Yet Zelensky’s landslide victory also poses a range of serious questions, above all whether Zelensky and his team are ready for such a level of responsibility, considering how hurriedly his party was put together, along with the president’s dilettantism, however well intentioned. There was considerable improvisation, contradiction, and discordance between words and deeds in the new team’s first few steps. Now a parliamentary majority formed by deputies who are new to the job could become a magnifying glass for the new administration’s lack of experience.
There’s another significant problem. No other president in the history of Ukraine has had such resources under his control while facing such a weak and fragmented opposition and enjoying such enormous popularity among his compatriots. Ukrainian society, used to regarding its rulers with skepticism and as a perpetual lesser of two evils, has never been through anything like this before. The removability of the authorities, even if it was through flashes of street violence and mass protests, was one of the main achievements of Ukrainian democracy, and the antagonism of the ruling authorities and opposition within parliament were a safeguard against the usurpation of power.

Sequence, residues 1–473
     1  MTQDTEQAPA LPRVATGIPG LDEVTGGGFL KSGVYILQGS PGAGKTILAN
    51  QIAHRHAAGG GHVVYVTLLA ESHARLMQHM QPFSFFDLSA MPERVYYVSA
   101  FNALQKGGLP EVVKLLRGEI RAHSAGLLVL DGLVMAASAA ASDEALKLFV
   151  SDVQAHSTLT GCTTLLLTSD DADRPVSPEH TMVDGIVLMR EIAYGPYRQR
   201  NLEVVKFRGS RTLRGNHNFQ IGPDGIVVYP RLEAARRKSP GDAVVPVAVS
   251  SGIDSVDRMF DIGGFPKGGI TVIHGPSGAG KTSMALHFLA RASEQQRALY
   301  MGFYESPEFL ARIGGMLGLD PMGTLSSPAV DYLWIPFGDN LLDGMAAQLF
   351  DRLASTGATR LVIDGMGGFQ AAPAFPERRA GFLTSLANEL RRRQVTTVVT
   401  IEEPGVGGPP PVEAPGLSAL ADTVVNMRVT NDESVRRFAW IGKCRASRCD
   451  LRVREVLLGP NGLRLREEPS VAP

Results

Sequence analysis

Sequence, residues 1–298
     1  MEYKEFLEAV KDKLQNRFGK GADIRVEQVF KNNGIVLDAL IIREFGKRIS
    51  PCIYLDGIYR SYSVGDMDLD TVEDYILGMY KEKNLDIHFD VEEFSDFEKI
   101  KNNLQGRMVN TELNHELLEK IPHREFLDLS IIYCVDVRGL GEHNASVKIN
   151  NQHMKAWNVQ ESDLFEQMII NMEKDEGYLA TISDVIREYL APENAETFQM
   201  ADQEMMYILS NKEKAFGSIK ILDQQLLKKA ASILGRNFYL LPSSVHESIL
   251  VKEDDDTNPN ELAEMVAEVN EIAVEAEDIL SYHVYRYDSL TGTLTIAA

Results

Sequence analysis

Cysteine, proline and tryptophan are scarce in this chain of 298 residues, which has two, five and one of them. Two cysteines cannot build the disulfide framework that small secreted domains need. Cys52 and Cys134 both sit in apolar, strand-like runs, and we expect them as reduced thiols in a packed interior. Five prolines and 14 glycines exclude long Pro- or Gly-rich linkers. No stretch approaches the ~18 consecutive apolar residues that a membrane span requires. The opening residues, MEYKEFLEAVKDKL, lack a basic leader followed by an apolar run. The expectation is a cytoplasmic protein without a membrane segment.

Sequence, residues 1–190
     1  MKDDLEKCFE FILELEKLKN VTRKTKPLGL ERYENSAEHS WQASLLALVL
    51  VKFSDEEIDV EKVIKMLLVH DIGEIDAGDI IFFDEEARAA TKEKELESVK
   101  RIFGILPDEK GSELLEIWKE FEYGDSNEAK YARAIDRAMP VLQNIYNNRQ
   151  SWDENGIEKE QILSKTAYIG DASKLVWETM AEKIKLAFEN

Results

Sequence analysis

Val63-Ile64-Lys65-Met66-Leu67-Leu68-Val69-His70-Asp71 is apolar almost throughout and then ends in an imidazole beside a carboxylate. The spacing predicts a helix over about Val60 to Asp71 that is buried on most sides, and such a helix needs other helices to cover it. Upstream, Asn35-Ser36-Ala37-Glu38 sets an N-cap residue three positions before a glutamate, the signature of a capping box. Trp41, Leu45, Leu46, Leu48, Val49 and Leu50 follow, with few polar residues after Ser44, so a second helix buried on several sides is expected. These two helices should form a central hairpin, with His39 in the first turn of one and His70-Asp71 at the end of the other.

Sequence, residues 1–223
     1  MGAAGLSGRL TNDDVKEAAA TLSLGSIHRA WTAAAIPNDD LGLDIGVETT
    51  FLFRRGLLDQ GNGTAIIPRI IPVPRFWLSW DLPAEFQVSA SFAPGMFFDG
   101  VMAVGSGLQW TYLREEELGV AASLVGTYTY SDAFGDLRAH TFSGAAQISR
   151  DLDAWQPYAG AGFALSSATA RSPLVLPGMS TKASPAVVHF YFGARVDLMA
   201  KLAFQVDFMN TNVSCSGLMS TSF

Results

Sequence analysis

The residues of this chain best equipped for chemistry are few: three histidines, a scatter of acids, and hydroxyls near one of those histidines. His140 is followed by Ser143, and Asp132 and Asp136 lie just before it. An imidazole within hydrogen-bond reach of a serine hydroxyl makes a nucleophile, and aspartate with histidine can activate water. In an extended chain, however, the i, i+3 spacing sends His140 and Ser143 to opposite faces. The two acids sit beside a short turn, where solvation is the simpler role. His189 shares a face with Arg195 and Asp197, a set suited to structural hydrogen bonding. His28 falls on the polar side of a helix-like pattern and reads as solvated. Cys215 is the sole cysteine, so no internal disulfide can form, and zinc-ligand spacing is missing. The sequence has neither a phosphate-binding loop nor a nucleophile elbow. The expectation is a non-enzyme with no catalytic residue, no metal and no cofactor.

In this new reality, a “velvet usurpation” with the consent of most of the population no longer seems like an impossible outcome, nor does the expression “comic dictator” seem like such an oxymoron.
Carnegie does not take institutional positions on public policy issues; the views represented herein are those of the author(s) and do not necessarily reflect the views of Carnegie, its staff, or its trustees.
25/9 Sivtsev Vrazhek Pereulok, Bldg. 1
Phone: +7 495 935-8904
Fax: +7 495 935-8906
Contact By Email
© 2021 All Rights Reserved
You are leaving the Carnegie–Tsinghua Center for Global Policy's website and entering another Carnegie global site.